What brought me to healing was, as you know, the journey with Dante through the Commedia, which for me became a journey out of the dark wood of anxiety (a rheumatologist told me that my intense anxiety was triggering my chronic mono). I’m so much better off than I was, I can hardly tell you. And yet, I’m still struggling. The inflammation never goes away, and I still have to sleep in the middle of the day more often than I care to admit. I don’t feel stress at all, so I’m guessing that this immune-system condition I have must be permanent. A couple of days ago, Julie asked me to clean up a dusty corner in which I had stacked piles and piles of books (pointing to the messy mountain, I told her, “That’s how my mind looks”). After ten minutes of work, I sneezed once, then had a massive allergic reaction, and had to sleep for four hours. The fragility of my immune system is such a pain in the butt.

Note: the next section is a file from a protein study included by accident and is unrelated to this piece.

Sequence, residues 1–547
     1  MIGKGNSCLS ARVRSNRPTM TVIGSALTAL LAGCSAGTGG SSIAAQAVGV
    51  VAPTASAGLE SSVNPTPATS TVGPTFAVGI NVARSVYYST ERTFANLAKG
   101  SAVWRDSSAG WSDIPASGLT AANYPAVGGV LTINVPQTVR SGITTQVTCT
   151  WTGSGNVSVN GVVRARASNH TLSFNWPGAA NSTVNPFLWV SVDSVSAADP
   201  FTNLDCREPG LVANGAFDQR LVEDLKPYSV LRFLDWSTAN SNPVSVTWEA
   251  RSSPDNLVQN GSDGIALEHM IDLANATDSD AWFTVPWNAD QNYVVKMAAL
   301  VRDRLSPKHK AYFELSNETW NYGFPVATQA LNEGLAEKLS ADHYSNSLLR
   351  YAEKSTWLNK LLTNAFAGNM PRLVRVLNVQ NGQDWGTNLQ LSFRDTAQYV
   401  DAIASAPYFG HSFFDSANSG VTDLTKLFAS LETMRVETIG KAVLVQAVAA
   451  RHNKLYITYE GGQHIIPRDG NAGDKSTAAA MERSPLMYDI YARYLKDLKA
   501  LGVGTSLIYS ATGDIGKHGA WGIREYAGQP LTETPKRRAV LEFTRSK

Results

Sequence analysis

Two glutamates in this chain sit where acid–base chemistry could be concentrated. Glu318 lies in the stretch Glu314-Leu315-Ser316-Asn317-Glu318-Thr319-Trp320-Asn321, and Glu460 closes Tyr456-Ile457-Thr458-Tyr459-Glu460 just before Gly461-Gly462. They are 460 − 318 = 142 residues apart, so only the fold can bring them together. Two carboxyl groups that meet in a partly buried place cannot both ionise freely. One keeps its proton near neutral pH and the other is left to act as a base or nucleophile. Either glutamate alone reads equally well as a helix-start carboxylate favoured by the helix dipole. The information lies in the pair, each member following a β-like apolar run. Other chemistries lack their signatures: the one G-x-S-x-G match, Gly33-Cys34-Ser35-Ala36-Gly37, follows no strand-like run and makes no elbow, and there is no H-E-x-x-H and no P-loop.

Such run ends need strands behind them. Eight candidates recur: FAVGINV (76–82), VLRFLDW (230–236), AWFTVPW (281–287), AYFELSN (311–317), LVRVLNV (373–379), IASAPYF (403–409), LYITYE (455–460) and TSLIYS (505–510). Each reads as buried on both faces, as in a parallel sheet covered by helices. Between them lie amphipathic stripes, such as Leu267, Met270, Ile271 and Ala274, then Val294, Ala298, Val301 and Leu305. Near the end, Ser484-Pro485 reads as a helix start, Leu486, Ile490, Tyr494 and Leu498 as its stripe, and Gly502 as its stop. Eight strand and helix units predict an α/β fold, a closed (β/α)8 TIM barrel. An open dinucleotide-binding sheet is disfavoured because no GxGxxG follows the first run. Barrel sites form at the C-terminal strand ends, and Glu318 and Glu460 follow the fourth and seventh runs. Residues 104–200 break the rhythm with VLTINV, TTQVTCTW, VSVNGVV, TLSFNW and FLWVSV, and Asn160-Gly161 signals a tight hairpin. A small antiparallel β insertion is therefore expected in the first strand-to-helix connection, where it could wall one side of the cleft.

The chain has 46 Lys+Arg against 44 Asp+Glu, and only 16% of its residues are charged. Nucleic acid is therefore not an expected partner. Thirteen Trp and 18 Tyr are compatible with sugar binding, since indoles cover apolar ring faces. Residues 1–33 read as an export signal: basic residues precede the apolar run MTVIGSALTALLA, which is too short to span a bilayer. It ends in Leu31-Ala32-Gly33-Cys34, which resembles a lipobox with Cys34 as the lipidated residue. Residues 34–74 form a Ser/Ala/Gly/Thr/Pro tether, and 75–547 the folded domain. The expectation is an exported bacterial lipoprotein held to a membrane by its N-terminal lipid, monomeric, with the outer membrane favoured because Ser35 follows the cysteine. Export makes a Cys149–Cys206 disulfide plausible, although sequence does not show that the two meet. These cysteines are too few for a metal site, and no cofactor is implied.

My fear is that something will tip me over into Whitney Dafoe territory one day.

It is claimed that we are undergoing an epidemic of autoimmune disorders today:

Yet few of today’s practicing physicians are aware of the escalating tsunami of epidemiological evidence that now concerns top scientists at every major research institute around the world: evidence that autoimmune diseases such as lupus, MS, scleroderma, and many others are on the rise and have been for the past four decades in industrialized countries around the world.

Mayo Clinic researchers report that the incidence of lupus has nearly tripled in the United States over the past four decades. Their findings are all the more alarming when you consider that their research has been conducted among a primarily white population at a time when many researchers believe lupus rates are rising most significantly among African Americans.